Cham, Switzerland: Springer Verlag (2019)

Nicholas Maxwell
University College London
Two great problems of learning confront humanity: learning about the nature of the universe and about ourselves and other living things as a part of the universe, and learning how to become civilized or enlightened. The first problem was solved, in essence, in the 17th century, with the creation of modern science. But the second problem has not yet been solved. Solving the first problem without also solving the second puts us in a situation of great danger. All our current global problems have arisen as a result. What we need to do, in response to this unprecedented crisis, is learn from our solution to the first problem how to solve the second one. This was the basic idea of the 18th century Enlightenment. Unfortunately, in carrying out this programme, the Enlightenment made three blunders, and it is this defective version of the Enlightenment programme, inherited from the past, that is still built into the institutional/intellectual structure of academic inquiry in the 21st century. In order to solve the second great problem of learning we need to correct the three blunders of the traditional Enlightenment. This involves changing the nature of social inquiry, so that social science becomes social methodology or social philosophy, concerned to help us build into social life the progress-achieving methods of aim-oriented rationality, arrived at by generalizing the progress-achieving methods of science. It also involves, more generally, bringing about a revolution in the nature of academic inquiry as a whole, so that it takes up its proper task of helping humanity learn how to become wiser by increasingly cooperatively rational means. The scientific task of improving knowledge and understanding of nature becomes a part of the broader task of improving global wisdom. The outcome would be what we so urgently need: a kind of inquiry rationally designed and devoted to helping us make progress towards a genuinely civilized world. We would succeed in doing what the Enlightenment tried but failed to do: learn from scientific progress how to go about making social progress towards as good a world as possible.
Keywords Global crisis  Science  Philosophy of science  Enlightenment  Education  Social progress  Social science  Climate change  Romanticism  Rationality
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ISBN(s) 9783030134198   3030134199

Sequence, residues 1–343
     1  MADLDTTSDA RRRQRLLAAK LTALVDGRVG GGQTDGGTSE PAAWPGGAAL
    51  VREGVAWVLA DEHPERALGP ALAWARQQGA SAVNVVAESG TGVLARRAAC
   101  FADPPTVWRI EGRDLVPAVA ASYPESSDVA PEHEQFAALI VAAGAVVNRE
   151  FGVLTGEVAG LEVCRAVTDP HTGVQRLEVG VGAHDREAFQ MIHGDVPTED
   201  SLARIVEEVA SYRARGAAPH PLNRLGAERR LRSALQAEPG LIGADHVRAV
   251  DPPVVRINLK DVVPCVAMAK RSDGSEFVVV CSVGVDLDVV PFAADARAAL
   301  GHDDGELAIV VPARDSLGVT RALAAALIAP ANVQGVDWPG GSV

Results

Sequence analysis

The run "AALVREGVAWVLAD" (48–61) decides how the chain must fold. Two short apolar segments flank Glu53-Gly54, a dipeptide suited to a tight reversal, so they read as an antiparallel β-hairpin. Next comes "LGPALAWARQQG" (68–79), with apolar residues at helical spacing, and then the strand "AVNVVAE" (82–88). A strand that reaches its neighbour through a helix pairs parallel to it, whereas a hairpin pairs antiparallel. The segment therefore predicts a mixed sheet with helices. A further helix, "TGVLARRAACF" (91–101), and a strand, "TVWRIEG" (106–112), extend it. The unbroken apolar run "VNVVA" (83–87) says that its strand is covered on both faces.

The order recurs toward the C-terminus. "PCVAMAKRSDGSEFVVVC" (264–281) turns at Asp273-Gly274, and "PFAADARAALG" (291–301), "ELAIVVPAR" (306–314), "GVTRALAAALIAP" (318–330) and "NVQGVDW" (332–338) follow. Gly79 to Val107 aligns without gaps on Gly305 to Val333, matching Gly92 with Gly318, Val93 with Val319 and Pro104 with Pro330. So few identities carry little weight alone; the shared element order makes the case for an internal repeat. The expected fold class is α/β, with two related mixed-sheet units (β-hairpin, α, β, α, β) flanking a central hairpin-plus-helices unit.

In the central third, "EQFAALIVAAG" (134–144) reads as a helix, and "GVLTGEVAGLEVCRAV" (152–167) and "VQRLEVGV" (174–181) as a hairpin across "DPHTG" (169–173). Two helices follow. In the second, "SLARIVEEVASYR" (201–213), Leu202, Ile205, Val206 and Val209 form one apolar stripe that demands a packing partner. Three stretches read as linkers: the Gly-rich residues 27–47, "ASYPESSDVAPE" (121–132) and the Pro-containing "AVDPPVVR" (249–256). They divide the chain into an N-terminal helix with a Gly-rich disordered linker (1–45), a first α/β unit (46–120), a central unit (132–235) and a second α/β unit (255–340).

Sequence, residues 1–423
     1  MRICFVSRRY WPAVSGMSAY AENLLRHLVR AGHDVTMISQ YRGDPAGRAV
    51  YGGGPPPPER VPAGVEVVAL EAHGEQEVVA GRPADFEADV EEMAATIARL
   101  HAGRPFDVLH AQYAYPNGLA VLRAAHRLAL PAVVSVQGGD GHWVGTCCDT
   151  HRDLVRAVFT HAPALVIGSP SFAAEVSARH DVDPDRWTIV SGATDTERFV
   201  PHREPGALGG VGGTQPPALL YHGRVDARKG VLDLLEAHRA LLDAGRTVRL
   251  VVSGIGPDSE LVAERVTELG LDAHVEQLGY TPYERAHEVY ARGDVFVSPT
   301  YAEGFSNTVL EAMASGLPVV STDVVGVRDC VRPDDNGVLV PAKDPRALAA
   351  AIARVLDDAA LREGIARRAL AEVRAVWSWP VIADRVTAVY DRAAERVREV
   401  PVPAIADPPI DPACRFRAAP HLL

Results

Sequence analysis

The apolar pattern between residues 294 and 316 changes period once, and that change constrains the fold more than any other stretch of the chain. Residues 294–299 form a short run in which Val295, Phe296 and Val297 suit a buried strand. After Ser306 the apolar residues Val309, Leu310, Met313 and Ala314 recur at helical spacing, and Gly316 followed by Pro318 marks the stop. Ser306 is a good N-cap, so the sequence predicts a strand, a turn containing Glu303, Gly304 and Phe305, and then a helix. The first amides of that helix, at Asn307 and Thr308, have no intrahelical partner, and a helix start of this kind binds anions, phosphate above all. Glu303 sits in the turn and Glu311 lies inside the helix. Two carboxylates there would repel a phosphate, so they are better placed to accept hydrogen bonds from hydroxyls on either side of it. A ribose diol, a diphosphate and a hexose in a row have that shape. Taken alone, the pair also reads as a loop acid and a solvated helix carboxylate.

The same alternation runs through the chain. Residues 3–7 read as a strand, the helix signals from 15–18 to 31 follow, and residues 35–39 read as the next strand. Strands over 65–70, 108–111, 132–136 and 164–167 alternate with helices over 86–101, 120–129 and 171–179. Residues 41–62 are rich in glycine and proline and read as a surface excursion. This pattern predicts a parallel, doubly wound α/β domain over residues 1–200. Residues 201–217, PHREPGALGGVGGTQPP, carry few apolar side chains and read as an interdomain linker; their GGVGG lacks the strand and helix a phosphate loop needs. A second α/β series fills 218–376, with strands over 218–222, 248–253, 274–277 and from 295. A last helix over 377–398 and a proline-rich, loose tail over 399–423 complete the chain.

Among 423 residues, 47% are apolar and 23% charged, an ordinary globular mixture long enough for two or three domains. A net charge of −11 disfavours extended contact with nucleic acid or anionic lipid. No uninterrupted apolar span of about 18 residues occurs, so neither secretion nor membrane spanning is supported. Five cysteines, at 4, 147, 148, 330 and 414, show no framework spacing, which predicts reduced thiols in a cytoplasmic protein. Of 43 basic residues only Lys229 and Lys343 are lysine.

DOI 10.1007/978-3-030-13420-4
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Learning About the Universe and Learning How to Create Civilization

Two great problems of learning confront humanity: learning about the nature of the universe and about ourselves and other living things as a part of the universe, and learning how to become civilized. The first problem was solved, in essence, in the 17th century, with the creation of modern science.... see more

From Knowledge to Wisdom

We have before us two rival kinds and conceptions of academic inquiry, which may be called knowledge-inquiry and wisdom-inquiry. The first of these is what we have inherited from the past. It is the outcome of the blunders of the 18th century Enlightenment. It still dominates academia today. The bas... see more

The Enlightenment and the Romantic Opposition

The idea of learning from the solution to the first great problem of learning how to solve the second problem goes back to the 18th century Enlightenment—especially the French Enlightenment. One might even say that this was the fundamental idea of the French Enlightenment: to learn from scientific p... see more

Questions and Objections

Many objections may be raised to the basic thesis of this book. Humanity is too stupid or selfish to do what needs to be done to become more civilized. This is true, at least, of those who hold power. We are victims of an economic-political power structure which makes progress towards a more civiliz... see more

The New Enlightenment and Academic Inquiry

We need to get clear about the implications for academic inquiry of correcting the blunders we have inherited from the 18th century Enlightenment—so that the basic Enlightenment idea can be put properly into practice. We take two conceptions of scientific method in turn. First, we adopt Karl Popper’... see more

Summary and Conclusion

In order to create a better world, we need to learn how to do it. We need to learn how to resolve our conflicts and problems of living in more cooperatively rational ways than we do at present. And in order to do that, we need traditions and institutions of learning rationally devoted to this end. I... see more

Current Domination of Knowledge-Inquiry

At present knowledge-inquiry dominates academic inquiry, with some elements of social science and the humanities being influenced by Romantic ideals. Evidence that this is indeed the case comes from various aspects of the academic enterprise. A number of factors, such as careers and specialization, ... see more

How Would Wisdom-Inquiry Help?

Would it be possible to put wisdom-inquiry into practice? The answer is that it would not be politically possible in undemocratic, dictatorial regimes, but it would be possible in liberal democracies—although a struggle against hostile social groups would no doubt be required. How would the transiti... see more

The New Enlightenment

Romanticism is right to object to the traditional Enlightenment, but wrong to object on grounds of too much reason. What is wrong with the traditional Enlightenment is not too much reason but, quite to the contrary, not enough. The traditional Enlightenment is a characteristic kind of irrationality ... see more

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A New Task for Philosophy of Science.Nicholas Maxwell - 2019 - Metaphilosophy 50 (3):316-338.

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